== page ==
Writing Frustrations – Or a Rant. You Pick.

For a while now, I’ve found myself getting frustrated at the state of publishing. All my short story collections and novels have been finalists for awards or have won awards. Lord knows I’m not comparing myself to Stephen King, Neil Gaiman, Clive Barker, Peter Straub, or any of the other excellent writers who have inspired me over the years. I believe my writing has merit, yet I’m finding myself isolated from the publishing world in unexpected ways. Some of it is my fault, and others I feel are the fault of the industry.

While there are numerous calls out there, most of the publishers (at least the ones I’m seeing) offer a mere $5 to $15 per story. I’m sorry, I just won’t write a 5,000+ word story for such an obscenely low price. That may sound arrogant, but so be it. The Horror Writers Association, of which I’m a member, considers 5 cents a word as the professional going rate.

Then, of course, there is, what appears to me, a competitive factor – a thought that horrifies me. Everyone wants and needs reviews. Reviews are critical to our success as authors but trying to get another author to read and write even a one-sentence review for Amazon is like finding an eyelash in a pile of compost. No one seems willing to help other authors. That’s part of what I’m trying to change. I buy the books because they interest me or because I want to try a new author. I want to help other authors by reading their works, writing reviews, and posting reviews everywhere.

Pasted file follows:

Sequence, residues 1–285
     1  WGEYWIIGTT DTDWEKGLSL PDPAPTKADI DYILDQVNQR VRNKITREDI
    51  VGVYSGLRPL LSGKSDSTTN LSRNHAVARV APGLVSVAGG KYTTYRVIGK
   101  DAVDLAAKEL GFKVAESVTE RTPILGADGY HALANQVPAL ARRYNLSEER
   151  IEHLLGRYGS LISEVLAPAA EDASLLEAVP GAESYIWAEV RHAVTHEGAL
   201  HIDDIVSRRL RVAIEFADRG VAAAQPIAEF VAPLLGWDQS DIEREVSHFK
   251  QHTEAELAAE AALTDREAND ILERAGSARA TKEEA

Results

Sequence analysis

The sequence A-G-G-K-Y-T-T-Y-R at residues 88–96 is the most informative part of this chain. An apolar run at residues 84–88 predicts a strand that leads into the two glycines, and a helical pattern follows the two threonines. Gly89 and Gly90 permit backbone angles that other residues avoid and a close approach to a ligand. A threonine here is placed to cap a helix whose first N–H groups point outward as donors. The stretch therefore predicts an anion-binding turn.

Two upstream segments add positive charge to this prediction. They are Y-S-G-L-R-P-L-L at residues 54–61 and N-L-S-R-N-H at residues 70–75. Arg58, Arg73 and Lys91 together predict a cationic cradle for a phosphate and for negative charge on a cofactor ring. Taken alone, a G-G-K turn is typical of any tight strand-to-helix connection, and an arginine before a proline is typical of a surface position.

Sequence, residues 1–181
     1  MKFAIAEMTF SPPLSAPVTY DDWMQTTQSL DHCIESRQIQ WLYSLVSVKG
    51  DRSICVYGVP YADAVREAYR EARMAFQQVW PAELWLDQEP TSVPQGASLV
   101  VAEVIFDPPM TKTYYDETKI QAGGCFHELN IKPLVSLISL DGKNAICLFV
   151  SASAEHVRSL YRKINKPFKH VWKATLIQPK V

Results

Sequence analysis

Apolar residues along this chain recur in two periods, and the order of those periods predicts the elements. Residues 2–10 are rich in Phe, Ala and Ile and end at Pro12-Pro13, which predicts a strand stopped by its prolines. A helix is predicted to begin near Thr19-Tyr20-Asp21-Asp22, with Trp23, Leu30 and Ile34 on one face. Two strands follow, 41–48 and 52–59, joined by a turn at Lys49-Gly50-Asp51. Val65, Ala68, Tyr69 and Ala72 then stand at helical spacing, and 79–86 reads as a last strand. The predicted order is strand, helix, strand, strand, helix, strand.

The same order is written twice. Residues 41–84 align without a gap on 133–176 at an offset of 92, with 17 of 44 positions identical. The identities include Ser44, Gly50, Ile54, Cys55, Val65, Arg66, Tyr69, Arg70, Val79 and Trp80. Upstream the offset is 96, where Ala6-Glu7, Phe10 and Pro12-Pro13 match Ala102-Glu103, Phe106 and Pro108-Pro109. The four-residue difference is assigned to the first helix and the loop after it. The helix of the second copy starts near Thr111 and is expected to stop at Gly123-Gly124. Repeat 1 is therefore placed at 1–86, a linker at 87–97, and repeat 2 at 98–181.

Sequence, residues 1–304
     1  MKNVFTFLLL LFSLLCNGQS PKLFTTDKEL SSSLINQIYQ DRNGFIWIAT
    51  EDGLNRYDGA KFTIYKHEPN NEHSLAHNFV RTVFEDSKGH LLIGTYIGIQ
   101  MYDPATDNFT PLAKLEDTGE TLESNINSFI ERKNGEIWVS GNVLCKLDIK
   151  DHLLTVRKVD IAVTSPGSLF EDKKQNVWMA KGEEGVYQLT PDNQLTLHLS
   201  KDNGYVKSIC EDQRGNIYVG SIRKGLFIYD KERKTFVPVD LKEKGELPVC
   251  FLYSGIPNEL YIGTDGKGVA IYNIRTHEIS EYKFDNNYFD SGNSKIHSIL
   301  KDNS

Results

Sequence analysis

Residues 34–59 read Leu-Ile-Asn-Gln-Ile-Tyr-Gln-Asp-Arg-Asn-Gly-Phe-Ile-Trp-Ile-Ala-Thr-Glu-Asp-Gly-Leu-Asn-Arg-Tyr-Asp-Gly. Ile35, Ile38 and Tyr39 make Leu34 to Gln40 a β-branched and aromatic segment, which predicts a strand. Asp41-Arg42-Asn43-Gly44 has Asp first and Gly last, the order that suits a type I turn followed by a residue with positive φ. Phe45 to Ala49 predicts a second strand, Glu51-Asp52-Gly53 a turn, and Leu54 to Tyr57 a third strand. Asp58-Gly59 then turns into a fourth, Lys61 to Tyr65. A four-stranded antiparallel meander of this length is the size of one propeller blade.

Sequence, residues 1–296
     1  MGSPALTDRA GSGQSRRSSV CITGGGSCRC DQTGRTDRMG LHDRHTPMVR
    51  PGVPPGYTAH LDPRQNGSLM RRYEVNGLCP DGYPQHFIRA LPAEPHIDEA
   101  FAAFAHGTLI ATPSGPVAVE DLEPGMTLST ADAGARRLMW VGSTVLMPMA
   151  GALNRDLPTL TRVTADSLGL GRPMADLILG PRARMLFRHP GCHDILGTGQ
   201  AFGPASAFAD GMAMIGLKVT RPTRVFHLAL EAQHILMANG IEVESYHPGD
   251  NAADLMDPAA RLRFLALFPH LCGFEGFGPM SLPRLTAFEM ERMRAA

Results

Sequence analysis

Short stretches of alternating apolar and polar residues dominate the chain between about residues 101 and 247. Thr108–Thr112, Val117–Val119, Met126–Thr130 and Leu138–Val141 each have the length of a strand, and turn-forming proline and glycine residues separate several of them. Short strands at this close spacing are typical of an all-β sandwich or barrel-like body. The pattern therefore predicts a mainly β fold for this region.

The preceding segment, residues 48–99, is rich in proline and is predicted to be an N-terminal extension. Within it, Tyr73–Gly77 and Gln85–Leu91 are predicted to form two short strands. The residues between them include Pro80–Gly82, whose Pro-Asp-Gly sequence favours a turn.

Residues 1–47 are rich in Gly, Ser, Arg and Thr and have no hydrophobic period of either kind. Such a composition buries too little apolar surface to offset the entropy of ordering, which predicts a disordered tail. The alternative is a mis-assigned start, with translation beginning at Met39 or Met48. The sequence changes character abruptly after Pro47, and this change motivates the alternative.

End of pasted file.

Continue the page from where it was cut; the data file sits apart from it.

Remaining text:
Yes, this post may be a whine or a tiny violin I’m playing alone in the dark, but hell, it’s dark in my head, and the darkness is where I like to be. I’ve asked friends to read my books and write a review and their answer is usually one of two things. “Sure, I’ll do that for you.” They don’t. Or they say, “I don’t like reviewing things.” If you can’t rely on friends (or fellow authors) to help you out, how can you rely on strangers? It’s maddening.

I’ve been pushing my novel, The Demon Librarian, probably the best thing I’ve ever written. (Sorry no cover design yet) And I will continue to do so. I’m almost done with a new collection of horror stories, Evil Personified, and I’m two books in on a four-book novella series. I’ll keep writing, I’ll keep submitting, and I’ll keep looking for a publisher or agent who sees my work for what it is, likes it, and is willing to sign me up.

Any takers?

Thanks for listening.

Dark Thirty: A Novella by Andrew J. Brandt

To be honest, I’ve never read anything by Andrew J. Brandt before. The blurb on Amazon intrigued me, but not for the typical reason. The blurb doesn’t do the story justice. It makes the novella sound like the same old horror/mystery trope. A small-town kid goes missing, and the town’s secrets are slowly exposed. It seems to be everywhere these days – television, movie, and books. (Think Broadchurch, Dark, The Disappearance, The River, etc.… You get my point)

Despite the blurb and seemingly commonplace plot, I was pleasantly surprised at how much I enjoyed Dark Thirty. Brandt has a wonderfully devilish mind. The plot and story are a bit unsettling, but it also makes for a great read. I bought the book to see if something different or unique could be done with the old trope. While the trope is common, Dark Thirty is not. Brandt has devised a way to make even an old idea fresh and new.

Available on Amazon.